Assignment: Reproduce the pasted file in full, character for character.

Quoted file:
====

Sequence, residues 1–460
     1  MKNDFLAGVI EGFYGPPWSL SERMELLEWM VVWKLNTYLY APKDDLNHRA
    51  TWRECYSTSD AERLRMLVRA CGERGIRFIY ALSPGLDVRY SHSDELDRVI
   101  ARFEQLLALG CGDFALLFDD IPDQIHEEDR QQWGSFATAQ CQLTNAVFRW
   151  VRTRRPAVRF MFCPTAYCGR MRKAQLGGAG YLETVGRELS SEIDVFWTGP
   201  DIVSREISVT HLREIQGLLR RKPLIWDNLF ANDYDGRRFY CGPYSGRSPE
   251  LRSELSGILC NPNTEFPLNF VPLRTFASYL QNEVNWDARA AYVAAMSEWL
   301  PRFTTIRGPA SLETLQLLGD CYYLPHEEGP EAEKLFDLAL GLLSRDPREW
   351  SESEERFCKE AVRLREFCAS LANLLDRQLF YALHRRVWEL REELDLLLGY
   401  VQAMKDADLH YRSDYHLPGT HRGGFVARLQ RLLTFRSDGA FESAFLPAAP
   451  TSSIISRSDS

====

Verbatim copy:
Sequence, residues 1–460
     1  MKNDFLAGVI EGFYGPPWSL SERMELLEWM VVWKLNTYLY APKDDLNHRA
    51  TWRECYSTSD AERLRMLVRA CGERGIRFIY ALSPGLDVRY SHSDELDRVI
   101  ARFEQLLALG CGDFALLFDD IPDQIHEEDR QQWGSFATAQ CQLTNAVFRW
   151  VRTRRPAVRF MFCPTAYCGR MRKAQLGGAG YLETVGRELS SEIDVFWTGP
   201  DIVSREISVT HLREIQGLLR RKPLIWDNLF ANDYDGRRFY CGPYSGRSPE
   251  LRSELSGILC NPNTEFPLNF VPLRTFASYL QNEVNWDARA AYVAAMSEWL
   301  PRFTTIRGPA SLETLQLLGD CYYLPHEEGP EAEKLFDLAL GLLSRDPREW
   351  SESEERFCKE AVRLREFCAS LANLLDRQLF YALHRRVWEL REELDLLLGY
   401  VQAMKDADLH YRSDYHLPGT HRGGFVARLQ RLLTFRSDGA FESAFLPAAP
   451  TSSIISRSDS